Public speaking and presenting at conferences can be daunting for the majority of people but by including some subtle tricks, the speaker can deliver a stronger message
Even though the first part of this series has not yet been published at the time of writing, it will not surprise me if some of the feedback is along the lines of “If his advice is so good, why doesn’t he follow it himself?” Well, maybe you need to consider me as a signpost rather than a fellow traveller on the road to success in presenting: I don’t have to go there myself. (Certainly not at my age…)
Nevertheless, as someone whose panic in front of a microphone verges on the pathological, I’ve had to learn strategies to alleviate its impact on the public speaking that I occasionally have to do (and the musical performances that I do far more often: unfortunately, the skills required for public speaking and public performance are not all transferable).
Follow, as best you can, good public speaking practice
Maintain eye contact with the whole of your audience as best you can. If you read from a script, it is still possible to look up from your notes quite frequently. You could even write cues into your script, where a couple of seconds’ pause to let a point sink in will also give you time to engage at eye-level with the audience. Don’t focus on the same one or two people every time, or for too long: they may start to feel they’ve identified their secret stalker.
While I don’t advise letting your eyes dart all over the place like you’re watching some demented virtual tennis match, do try to cover all areas of the auditorium as frequently as possible.
There are, of course, other ways to engage with your audience: stopping to ask for responses to a question, for instance, or taking a count of people who meet a specific criterion.
Practice the use of the microphone (as far as possible – it’s probable, of course, that you won’t be able to practice with the setup you’ll actually use for the presentation, unless you manage to get a few minutes between sessions or before sessions begin).
This is potentially a huge topic, and I have to admit that I’m more familiar with mic techniques for singing, which is a whole different ballgame. I sometimes feel that the universal use of clip-on radio mics has actually robbed us of some of the dynamic flexibility (audio-wise) that is available to the practised user of a regular microphone. On the other hand, if the radio mic (or any ‘hands-off’ lavalier mic/lapel mic/clip mic) is properly placed, it has at least two advantages for the novice presenter.
Firstly, such mics release you from a disadvantage common to lectern mics or any statically positioned mic, which is that they (obviously) don’t allow the speaker to move around. While too much movement – especially pacing – may be distracting, movement can be used to increase your engagement with the audience. It may also be beneficial if you use props, since they don’t all have to be piled up in one place. On the other hand, if you’re going to be heavily reliant on your speaker notes, you can make it less obvious that you are reliant, as long as you don’t stand there with your eyes permanently fixed to the paper, since the notes are probably not directly (and distractingly) within sight of the audience.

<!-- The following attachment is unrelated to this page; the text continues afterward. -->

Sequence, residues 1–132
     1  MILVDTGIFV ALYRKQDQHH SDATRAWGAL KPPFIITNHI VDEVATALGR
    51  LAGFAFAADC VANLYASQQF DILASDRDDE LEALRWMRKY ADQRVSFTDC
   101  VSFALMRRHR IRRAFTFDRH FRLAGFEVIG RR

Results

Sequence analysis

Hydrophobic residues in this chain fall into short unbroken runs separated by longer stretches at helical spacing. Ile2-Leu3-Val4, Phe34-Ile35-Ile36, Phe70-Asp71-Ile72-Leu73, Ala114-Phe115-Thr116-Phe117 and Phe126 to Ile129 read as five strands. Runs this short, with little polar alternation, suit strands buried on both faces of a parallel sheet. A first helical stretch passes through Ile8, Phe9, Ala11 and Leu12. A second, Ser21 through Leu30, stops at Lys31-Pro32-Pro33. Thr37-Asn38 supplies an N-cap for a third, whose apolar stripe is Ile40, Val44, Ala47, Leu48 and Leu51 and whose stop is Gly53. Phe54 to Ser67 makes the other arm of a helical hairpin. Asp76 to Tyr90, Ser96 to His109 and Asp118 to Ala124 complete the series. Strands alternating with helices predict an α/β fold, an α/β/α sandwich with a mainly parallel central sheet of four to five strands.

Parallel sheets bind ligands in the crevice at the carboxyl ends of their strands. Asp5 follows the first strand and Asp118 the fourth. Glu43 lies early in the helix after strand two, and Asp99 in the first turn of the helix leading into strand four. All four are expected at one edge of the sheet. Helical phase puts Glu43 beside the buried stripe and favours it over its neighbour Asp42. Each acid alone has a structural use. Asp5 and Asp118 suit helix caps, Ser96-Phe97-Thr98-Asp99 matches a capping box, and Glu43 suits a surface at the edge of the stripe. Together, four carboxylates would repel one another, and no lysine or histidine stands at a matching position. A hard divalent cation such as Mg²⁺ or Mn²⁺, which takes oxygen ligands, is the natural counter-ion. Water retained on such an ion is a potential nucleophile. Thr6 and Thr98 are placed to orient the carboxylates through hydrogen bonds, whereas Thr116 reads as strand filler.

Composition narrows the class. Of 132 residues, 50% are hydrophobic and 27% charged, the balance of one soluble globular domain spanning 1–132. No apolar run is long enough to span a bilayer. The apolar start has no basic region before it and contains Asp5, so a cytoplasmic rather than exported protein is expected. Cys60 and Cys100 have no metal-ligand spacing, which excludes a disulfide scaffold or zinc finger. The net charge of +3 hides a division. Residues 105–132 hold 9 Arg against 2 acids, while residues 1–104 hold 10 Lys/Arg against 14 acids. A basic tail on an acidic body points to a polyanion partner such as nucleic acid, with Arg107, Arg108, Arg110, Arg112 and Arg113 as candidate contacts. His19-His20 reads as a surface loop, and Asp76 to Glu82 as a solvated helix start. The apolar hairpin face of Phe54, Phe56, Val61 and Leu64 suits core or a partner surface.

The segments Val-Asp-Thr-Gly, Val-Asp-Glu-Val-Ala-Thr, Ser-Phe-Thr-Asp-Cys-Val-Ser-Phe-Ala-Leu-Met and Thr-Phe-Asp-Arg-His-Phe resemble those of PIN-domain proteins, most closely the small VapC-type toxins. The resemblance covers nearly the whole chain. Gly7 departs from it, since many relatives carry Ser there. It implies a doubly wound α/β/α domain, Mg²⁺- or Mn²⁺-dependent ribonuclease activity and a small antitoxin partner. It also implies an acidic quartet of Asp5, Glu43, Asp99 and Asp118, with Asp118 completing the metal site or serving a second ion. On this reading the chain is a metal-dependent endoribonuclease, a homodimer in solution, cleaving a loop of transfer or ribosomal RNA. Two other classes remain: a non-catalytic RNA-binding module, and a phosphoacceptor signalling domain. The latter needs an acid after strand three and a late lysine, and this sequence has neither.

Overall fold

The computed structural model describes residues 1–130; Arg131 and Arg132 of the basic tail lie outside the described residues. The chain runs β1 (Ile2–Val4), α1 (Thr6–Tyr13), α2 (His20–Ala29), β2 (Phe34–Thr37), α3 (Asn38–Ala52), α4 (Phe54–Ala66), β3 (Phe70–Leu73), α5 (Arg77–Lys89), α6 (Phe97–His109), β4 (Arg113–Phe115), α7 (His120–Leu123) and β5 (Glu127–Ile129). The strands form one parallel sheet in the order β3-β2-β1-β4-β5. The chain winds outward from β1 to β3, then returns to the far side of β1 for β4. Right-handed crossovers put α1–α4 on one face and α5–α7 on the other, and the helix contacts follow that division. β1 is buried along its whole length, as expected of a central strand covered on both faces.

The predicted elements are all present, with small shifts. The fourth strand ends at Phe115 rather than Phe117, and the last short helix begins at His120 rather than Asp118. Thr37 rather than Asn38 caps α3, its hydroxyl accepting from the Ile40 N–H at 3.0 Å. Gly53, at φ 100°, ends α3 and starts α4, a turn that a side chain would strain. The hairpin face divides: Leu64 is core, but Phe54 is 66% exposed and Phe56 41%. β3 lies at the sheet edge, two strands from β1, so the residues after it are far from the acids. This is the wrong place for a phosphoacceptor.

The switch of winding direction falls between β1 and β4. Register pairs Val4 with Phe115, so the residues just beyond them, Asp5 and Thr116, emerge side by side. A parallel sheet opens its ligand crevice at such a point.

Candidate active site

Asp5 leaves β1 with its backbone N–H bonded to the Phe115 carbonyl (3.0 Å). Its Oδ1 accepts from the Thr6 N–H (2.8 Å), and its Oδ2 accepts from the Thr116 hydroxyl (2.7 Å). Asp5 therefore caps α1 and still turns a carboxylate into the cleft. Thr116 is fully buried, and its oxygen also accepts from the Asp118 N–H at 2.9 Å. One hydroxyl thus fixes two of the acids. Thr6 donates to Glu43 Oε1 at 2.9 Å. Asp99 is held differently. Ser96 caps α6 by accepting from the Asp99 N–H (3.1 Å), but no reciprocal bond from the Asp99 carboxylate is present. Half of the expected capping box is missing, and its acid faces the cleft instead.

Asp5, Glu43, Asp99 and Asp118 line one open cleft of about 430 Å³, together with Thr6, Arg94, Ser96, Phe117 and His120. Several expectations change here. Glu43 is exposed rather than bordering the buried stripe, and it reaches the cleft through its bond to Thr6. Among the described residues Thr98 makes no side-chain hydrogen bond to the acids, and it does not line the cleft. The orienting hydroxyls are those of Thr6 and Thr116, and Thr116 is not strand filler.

“Whatever the length of your slide, bear in mind that some of your audience may find it fascinating enough to copy or summarize it”
Another advantage is that headset mics tend to be placed (or should be) where they don’t pick up the direct blasts of air from plosive or stop consonants (p, t, and b in particular) or the unwanted hissing of sibilants (‘s’, ‘sh’, ‘ch’ et al). Lectern mics – or, come to that, other PA mics (handheld or on mic stands) – are often subject to these problems, especially when used by inexperienced speakers. However, the positioning of the lectern mic can reduce the risk of unwanted, distracting transient noise such as ‘popping’ and sibilance. I haven’t had the opportunity to test this personally as my studio equipment is quite different, but Lisa B. Marshall suggests that ‘you’ll want them about eight inches, or two hand widths below your chin and as close to the center of your body as possible.’
In the studio or on the concert stage there is a whole raft of other technical solutions for dealing with these and other issues. For instance, vocal compression can be used to keep the sound level fairly consistent) and pop filters reduce ‘popping’ from aspirated plosives by shielding the mic from direct blasts of air – say ‘pop’ or even ‘popshop’ into an unshielded mic and you’ll get my meaning! However, when presenting in a context where such aids aren’t available (like many conference stages and too many open mics), the speaker can reduce the problems dramatically by adjusting the angle at which he or she speaks into the mic. A couple of very well-known tongue-twisters can help here. If you can say ‘Peter Piper picked a peck of pickled peppers’ and ‘She sells sea shells on the sea shore’ into the mic and you can hear it come to you from the PA but without added pop and hiss, you’re probably at about the right angle and distance. And testing in that way is at least slightly more interesting than ‘Testing, testing, one, two, three, four…’*
A couple of other things:
- Don’t tap the mic to check that it’s on. Apart from the fact that (some) mics are more fragile than you might think, you will probably upset the sound engineer. And probably irritate the audience. If you ask whether it’s working, the chances are that someone will tell you!
- The point of the mic is that you don’t have to shout. If you can project to a large auditorium without amplification in the way that a veteran stage actor or opera singer can, fine, but either do that without the mic, or stop projecting and just speak conversationally into it. (By conversationally, I mean as you would speak without the mic: I don’t mean that you can’t use deliberate variations of tone, volume and pitch.)
- Less audibly, it doesn’t take long to forget that you’re actually talking into a headset or lapel mic, so it’s one less thing to worry about, as long as you’re confident that people are able to hear you.
Pace and pitch